It is an important function of the board to oversee the internal control systems covering financial reporting and the use of corporate assets and to guard against abusive related party transactions.

OECD Principles of Corporate Governance


In business today, boards and managements tend to focus on addressing known and actual control problems only when they emerge, without radically changing the design of the internal control system. Unfortunately, this approach does not touch the cause of those problems. Therefore, I recommend that companies design and implement monitoring activities to exclude gaps at all or reduce them to the minimum.

Let us get into the monitoring framework deeper. In accordance with the COSO’s Internal Control Integrated Framework, there are two fundamental principles of effective monitoring:

•    Ongoing and/or separate evaluations enable management to determine whether the systems of internal control continue to function over time, and
•    Internal control deficiencies are identified and communicated in a timely manner to those parties responsible for taking corrective action and to management and the board as appropriate.

Probably the most challenging task is to achieve effective monitoring as it requires deep understanding of all of the aspects of internal control system and the company business, independence and objectivity and adequate expertise. It is not possible to achieve it unless the following three elements are properly implemented:  

  • Enabling an environment where effective monitoring procedures can be implemented, including (a) a proper tone at the top; (b) an effective organizational structure that assigns monitoring roles to people with appropriate qualification, objectivity and authority; and (c) a proper internal control environment where ongoing monitoring and separate evaluations can be implemented;
  • Designing and implementing monitoring procedures, which focus on the controls that address key risks; and

​Assessing and reporting results, which includes evaluating the significance of identified deficiencies and reporting the monitoring results to the appropriate personnel and the board for timely action and followup. 

Scope of Monitoring Procedures 

Companies may conduct a wide variety of monitoring procedures, including but not limited to: 

•     Periodic evaluation and testing of controls via internal audit,
•     Continuous monitoring programs built into information systems such as exception reports,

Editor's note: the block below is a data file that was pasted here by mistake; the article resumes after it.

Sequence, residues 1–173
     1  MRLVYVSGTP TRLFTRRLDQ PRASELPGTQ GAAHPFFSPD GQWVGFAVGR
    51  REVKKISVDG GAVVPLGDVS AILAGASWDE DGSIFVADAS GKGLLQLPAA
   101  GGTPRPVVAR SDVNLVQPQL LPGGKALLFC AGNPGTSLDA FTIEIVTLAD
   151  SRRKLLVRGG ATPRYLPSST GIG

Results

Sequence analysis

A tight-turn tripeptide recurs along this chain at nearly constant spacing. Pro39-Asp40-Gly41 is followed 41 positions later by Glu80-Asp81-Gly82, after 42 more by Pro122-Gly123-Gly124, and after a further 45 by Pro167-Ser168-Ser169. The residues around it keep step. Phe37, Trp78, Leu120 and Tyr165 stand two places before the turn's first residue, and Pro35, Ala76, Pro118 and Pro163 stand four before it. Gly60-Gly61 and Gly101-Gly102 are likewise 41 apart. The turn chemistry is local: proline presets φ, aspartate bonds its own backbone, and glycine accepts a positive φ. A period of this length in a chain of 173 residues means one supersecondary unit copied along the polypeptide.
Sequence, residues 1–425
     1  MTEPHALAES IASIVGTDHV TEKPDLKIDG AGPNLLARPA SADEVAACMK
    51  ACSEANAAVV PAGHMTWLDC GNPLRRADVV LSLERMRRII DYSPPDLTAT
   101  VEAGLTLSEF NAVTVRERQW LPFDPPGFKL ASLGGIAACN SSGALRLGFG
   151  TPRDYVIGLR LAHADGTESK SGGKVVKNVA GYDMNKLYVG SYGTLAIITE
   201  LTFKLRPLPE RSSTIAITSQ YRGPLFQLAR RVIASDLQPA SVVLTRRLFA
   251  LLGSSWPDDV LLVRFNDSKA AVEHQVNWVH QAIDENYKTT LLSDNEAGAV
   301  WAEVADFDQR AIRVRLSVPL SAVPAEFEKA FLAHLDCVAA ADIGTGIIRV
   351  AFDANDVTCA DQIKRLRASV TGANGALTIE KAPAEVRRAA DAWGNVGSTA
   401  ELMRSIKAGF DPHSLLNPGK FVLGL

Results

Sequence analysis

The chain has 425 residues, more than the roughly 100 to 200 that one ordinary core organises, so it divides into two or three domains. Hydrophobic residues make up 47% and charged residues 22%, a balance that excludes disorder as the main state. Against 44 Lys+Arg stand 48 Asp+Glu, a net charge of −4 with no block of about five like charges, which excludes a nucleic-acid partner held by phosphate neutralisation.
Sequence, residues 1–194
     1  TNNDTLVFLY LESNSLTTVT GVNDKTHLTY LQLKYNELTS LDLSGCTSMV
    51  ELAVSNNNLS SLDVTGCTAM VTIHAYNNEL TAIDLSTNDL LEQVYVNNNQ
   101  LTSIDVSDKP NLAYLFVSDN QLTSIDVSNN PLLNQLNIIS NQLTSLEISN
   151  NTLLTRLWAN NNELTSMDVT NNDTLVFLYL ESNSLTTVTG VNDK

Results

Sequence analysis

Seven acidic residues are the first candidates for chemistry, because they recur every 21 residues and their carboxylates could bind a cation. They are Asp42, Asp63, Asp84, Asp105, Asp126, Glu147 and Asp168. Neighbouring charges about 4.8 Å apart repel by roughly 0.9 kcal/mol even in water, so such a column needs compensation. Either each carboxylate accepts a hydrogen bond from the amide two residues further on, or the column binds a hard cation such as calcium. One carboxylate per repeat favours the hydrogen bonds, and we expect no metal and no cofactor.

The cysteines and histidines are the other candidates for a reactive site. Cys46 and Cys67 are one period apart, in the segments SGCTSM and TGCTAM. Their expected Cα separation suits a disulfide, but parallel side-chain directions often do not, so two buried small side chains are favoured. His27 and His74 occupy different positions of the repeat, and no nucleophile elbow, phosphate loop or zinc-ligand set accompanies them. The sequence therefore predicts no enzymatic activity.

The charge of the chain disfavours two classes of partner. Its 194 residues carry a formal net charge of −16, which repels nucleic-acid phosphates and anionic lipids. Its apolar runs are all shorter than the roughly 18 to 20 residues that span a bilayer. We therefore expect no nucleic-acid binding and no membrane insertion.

•     Analysis of, and appropriate followup on, operating reports or metrics that might identify anomalies that indicate a control failure,
•     Management reviews on controls, such as reconciliation reviews as a normal part of processing, 
•     Audit committee inquiries of internal and external auditors,
•     Quality assurance reviews of the internal audit department,
•     Self-assessments by boards and management regarding the tone they set in the organization and the effectiveness of their oversight functions.

Benefits of Effective Monitoring

When monitoring activities are designed and implemented appropriately, companies can benefit because they are more likely to:

•     Identify and solve internal control problems in a timely manner,
•     Produce more accurate and reliable information to be used in decision-making process,
•     Prepare accurate and timely financial statements,
•     Detect and prevent errors or fraud so that accurate financial statements can be prepared.

Last words

A comprehensive explanation how to design monitoring procedures and implement them is beyond the scope of this article. I just wanted to start a debate about the importance of building bridges and reducing the gap between design and operating effectiveness of your internal controls through implementing effective monitoring procedures. I hope that this article has offered you some promising pathways to progress. 

Do not wait until the gaps scream for attention. The earlier you mind those gaps, the less painful the remedy and more productive the result.